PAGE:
Two months, 14 plane rides, and one new duffle bag full of souvenirs after our journey began, Courtney De Graff and I found ourselves back home in Northern California. Having run out of deodorant, razor blades, and clean underwear countries ago, we were ready to end our backpacking adventures.

Reflections on an ever-shrinking planet

Reflections on an ever-shrinking planet

 

It seems strange now, though, that despite my pleasure at being home, I sometimes get a pang of longing for a place elsewhere. The small things build up, like still suffering jetlag, or sighing over an unauthentic Greek salad at my previously favorite Greek restaurant, or passing over the travel books because they feature places I just visited. I suppose I am left with a restlessness for a time or a place that I cannot quite put my finger on. I told my mother that everything at home seemed different now, but she just said that maybe it is I who am different.

It is true — my heart feels heavy with the weight of what we saw. Beautiful sights often came with sad histories, and then, of course, the sad sights came with even worse histories. That is the price you pay, I suppose, for seeing the world, a taste from the tree of Knowledge of Good and Evil, though, unlike Eve, I certainly do not regret my bite.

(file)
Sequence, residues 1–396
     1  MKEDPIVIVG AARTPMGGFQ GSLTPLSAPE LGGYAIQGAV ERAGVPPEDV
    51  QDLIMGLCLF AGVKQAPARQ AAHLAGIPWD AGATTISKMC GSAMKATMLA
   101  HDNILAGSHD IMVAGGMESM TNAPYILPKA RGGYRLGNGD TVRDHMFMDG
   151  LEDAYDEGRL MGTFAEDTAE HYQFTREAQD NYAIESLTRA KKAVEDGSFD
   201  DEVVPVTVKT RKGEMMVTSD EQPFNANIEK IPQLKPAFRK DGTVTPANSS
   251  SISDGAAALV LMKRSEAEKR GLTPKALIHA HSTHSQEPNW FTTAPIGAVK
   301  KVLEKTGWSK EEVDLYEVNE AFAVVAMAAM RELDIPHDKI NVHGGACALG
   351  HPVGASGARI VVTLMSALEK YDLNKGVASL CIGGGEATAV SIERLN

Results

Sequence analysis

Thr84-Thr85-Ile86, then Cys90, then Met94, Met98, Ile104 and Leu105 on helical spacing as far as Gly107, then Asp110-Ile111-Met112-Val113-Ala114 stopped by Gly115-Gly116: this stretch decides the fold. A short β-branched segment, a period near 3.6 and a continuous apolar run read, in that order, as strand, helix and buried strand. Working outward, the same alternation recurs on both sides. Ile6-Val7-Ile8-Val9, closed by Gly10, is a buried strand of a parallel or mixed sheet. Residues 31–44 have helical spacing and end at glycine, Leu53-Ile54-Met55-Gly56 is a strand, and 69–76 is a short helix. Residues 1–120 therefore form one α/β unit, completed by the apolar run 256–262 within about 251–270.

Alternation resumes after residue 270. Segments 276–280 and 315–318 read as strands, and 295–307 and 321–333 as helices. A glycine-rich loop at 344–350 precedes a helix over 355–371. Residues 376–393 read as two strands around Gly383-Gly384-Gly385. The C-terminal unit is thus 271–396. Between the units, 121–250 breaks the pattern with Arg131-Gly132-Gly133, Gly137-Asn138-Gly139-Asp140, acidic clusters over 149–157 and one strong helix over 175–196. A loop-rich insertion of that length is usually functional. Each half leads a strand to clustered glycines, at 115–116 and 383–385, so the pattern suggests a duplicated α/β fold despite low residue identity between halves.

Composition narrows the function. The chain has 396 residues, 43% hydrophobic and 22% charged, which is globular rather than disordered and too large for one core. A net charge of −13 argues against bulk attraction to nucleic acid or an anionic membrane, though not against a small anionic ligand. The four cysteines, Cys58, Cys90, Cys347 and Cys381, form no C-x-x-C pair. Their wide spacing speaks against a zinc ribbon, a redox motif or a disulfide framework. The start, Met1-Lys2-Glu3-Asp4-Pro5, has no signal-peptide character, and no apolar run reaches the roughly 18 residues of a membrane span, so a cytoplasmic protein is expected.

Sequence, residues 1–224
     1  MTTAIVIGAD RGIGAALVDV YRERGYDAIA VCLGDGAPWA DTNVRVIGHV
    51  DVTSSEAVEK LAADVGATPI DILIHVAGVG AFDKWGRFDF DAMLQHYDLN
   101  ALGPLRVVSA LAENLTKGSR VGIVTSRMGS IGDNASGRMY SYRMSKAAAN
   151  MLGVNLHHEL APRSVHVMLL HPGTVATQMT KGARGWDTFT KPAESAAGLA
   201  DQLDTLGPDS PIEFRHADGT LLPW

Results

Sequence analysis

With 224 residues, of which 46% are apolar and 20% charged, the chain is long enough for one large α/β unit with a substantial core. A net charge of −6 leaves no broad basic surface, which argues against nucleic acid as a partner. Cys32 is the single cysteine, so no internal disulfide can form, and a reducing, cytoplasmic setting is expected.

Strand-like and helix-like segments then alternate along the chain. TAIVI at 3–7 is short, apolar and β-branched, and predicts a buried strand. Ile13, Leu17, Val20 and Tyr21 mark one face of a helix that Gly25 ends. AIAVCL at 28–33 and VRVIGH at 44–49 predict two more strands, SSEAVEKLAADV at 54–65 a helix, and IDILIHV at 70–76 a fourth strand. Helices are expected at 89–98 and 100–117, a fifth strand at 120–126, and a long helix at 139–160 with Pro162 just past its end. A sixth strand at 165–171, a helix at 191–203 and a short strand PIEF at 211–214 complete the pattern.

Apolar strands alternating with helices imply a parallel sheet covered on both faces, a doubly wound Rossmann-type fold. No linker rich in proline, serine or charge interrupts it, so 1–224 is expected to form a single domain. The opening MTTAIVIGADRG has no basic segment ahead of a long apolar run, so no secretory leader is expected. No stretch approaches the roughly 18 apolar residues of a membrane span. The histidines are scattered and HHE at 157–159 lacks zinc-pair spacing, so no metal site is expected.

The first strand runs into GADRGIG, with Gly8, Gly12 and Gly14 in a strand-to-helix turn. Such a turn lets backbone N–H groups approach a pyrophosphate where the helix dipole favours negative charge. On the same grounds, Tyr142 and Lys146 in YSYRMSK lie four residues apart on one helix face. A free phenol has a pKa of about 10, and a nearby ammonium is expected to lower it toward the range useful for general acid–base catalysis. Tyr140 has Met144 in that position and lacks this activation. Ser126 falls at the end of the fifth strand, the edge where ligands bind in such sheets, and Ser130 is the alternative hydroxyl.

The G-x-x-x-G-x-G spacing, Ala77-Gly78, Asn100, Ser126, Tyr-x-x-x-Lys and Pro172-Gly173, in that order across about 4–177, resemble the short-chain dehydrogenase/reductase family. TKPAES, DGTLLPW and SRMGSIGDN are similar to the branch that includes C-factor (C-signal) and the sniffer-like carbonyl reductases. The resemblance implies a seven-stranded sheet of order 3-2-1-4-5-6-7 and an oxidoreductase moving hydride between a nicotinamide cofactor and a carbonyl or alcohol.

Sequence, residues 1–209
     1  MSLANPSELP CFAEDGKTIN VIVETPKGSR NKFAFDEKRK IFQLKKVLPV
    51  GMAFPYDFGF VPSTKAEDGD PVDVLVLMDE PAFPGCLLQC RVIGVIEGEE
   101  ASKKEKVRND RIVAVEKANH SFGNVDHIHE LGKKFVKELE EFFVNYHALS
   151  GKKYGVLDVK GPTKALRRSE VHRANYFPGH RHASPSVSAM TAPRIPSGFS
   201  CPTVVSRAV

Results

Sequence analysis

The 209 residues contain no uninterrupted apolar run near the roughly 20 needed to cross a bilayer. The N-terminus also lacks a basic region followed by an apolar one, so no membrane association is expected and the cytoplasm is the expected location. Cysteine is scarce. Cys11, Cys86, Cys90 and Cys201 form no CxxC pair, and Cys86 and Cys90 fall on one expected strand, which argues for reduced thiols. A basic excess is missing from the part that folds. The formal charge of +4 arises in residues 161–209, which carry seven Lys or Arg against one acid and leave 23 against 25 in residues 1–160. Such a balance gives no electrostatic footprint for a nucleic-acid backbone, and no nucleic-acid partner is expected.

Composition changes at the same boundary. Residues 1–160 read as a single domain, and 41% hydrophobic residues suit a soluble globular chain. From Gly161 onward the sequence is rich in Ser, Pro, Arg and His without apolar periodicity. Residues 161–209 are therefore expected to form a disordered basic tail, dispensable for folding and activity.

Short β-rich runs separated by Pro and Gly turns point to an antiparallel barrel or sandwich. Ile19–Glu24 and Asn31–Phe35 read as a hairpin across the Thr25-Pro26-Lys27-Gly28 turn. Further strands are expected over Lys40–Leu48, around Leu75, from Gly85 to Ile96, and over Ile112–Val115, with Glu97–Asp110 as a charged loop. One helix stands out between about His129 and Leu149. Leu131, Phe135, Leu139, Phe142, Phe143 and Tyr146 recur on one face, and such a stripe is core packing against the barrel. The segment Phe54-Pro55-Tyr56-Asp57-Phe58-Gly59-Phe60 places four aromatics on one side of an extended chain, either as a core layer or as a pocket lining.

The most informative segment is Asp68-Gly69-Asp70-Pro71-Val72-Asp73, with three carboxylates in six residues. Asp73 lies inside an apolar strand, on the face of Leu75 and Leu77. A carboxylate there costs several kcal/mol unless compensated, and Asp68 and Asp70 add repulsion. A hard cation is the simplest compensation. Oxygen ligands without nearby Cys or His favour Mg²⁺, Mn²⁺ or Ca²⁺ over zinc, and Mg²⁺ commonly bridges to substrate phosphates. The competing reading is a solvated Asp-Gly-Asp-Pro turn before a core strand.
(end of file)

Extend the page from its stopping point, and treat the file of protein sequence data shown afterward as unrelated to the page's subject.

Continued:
This trip taught me many lessons. One in particular: to acknowledge what you see, and to remember it. It is important to remember, for example, that along the way to view the immaculate Taj Mahal, we saw countless starving women press their underweight babies against our car windows. A place is so much more than just a pretty picture in your photo album.

Memories of the sad sights, though, make me proud of America, because I know it does not need to be that way here. We have the resources to help our fellow citizens, and that is something so noble and precious, I could not imagine living anywhere else. The restlessness I feel, then, I think is just wanting to see more. I want to continue to discover the treasures and histories of humanity, for better or for worse.

Meeting new people in transit is also part of learning about humanity. The majority of our new friends were Australian, seeing as there are no actual people in Australia because they are all traveling. As Americans, though, we sometimes had to prove ourselves to be open-minded and intelligent people. It was an unexpected hurdle, but easily surmounted.

 

Being a tourist definitely was trying at times, especially for two young women traveling alone. You hear the umpteenth Egyptian man make a disgusting comment, or silently take it as a cab driver starts yelling at you in Russian because he cannot find the hotel. A thousand tiny injustices you cannot fight just pinprick at your heart. The helpful people, however, the ones who freely offer directions, advice, and translation abilities, are so wonderful that they make up for anyone else.

The most important lesson from the whole trip, it seems, is to be thoughtful to travelers visiting America. We should be gracious to people who want to learn more about us and see our beautiful sights because you never know how we might change them.

This trip has been such a blessing. The whole summer has, actually, and it makes me hopeful for what will come with the changing of the leaves.